Writing about World Music

Davidson College, Spring 2016

“Eeeeeeeeeeeeeep” v. “1906”

Imagine two hundred women squealing out the highest possible pitch all at the same time. This was my reality when I stumbled upon a Sigma Gamma Rho Sorority, Incorporated conference.

My fraternity brothers asked us to attend a performance at the Great Wolf Lodge in Concord, but we didn’t expect to be welcomed by some many Sigma Gamma Rho sorority sisters. However, I was able to experience for the first time a “call off.”

Each historically black fraternity and sorority has a set of distinct calls. This allows for brothers and sisters nation wide to audibly detect who is from which organization. All the sororities have eardrum-rupturing calls, while the fraternities utilize ground-shaking bass in theirs. A “call off” has a similar structure of rap battle. One organization starts off a call and another organization responds with one of their own.

The constant back and forth between the two hundred Rhos and the fifteen Alphas eventually lead to a concoction of noise. The roar of the room could be heard from across the whole campus. High-pitched calls were ringing my ears, but our call still made the air shake. It ended with both organizations holding their ground until the MC of the night abruptly stopped it. Partaking in something like this was amazing because it showed the unity amongst the each Greek lettered organization. Even though the Rhos and Alphas were from all over we still where able to unify with our calls.

1 Comment

  1. This is a really interesting post. What a cool experience – to be part of a culturally significant event sounds like it would be so memorable. It also just goes to show you how common these unique and important ethnographic experiences are in our local world. If we weren’t active ethnographers, we likely wouldn’t see these as they are – we might not even see them at all.

    Being in this class, among other things, has really allowed me to appreciate the various cultural events that occur within my sphere of influence. As I talked about in my last post, the Ripe concert brought up some ethnographic sentiments, and in reflection, I considered the concert through the eyes of an active ethnographer – I have never done that for a concert or performance before, but it just goes to show you how much the class has rubbed off on me.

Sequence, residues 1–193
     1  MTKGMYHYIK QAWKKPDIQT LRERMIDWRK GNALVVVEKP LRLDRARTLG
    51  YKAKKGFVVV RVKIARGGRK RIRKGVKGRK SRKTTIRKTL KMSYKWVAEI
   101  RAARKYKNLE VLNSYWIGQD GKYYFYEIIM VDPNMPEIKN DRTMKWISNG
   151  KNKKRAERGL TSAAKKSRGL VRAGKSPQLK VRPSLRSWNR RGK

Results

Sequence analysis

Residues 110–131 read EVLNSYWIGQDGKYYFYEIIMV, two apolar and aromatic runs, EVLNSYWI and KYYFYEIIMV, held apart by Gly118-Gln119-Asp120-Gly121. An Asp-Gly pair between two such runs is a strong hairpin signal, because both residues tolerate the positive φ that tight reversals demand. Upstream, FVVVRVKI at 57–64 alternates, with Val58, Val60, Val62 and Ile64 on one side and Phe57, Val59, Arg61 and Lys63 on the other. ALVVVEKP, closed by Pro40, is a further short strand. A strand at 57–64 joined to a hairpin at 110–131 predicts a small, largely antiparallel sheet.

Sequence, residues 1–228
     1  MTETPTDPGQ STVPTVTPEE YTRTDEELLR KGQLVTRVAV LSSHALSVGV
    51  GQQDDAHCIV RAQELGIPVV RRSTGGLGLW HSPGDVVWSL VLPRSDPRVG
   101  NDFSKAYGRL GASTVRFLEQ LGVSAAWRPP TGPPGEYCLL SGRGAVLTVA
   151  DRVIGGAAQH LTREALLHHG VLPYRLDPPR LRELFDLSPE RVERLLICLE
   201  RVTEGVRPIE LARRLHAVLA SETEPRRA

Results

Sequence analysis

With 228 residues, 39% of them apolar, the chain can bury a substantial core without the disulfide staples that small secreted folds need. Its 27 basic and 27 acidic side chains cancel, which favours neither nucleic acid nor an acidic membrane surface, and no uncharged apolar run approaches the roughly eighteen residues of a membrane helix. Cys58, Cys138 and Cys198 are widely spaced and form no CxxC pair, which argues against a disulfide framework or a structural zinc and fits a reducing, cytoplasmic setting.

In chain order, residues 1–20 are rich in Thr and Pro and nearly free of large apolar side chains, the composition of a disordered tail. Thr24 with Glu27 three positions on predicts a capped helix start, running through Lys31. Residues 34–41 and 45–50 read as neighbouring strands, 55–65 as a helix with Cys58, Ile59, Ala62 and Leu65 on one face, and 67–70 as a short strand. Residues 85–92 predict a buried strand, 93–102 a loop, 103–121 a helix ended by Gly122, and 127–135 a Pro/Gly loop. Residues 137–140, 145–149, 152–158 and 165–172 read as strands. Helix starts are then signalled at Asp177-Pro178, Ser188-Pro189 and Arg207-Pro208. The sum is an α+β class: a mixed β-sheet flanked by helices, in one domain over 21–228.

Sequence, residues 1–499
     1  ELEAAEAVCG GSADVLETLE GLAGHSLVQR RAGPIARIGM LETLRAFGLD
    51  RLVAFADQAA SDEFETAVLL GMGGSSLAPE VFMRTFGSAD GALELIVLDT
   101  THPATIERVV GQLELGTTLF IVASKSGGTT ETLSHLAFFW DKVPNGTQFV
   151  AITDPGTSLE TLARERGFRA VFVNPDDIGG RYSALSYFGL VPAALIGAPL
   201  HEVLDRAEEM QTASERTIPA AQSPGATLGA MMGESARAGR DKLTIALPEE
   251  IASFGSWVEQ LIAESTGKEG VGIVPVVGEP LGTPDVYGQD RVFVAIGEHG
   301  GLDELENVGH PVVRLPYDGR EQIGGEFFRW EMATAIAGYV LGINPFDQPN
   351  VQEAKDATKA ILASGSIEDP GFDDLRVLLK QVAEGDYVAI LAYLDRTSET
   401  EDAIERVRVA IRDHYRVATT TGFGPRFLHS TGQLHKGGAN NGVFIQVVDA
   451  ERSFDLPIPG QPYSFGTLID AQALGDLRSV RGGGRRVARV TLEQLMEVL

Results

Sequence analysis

In a sense, thinking about our local and accessible culture in this mindset is potentially not the best mindset. I’m thinking of Father John Misty, a popular indie rock artist, and his bright neon sign in the back of his stage setup at concerts that says “No Photography”. Meant to stand as a reminder for the concert attendees to simply be there and enjoy the concert, the concept of photography, in the context of events like concerts or impromptu gatherings, compromises the unrepeatability and authenticity of the concert.

    With an ethnographer, the same idea stands – this show at Great Wolf was not something you wanted to sit down and study through such a scrutinized lens. The idea was to sit back and reflect later on, in order to fully enjoy the experience as it is. However, this doesn’t always work – it’s rather difficult to, for instance, sit back and not actively make observations for later use, when you’re examining a cultural event that cannot be so readily repeated for future. You have to do your fieldwork when you can, and when the event is put on, so you can see it.

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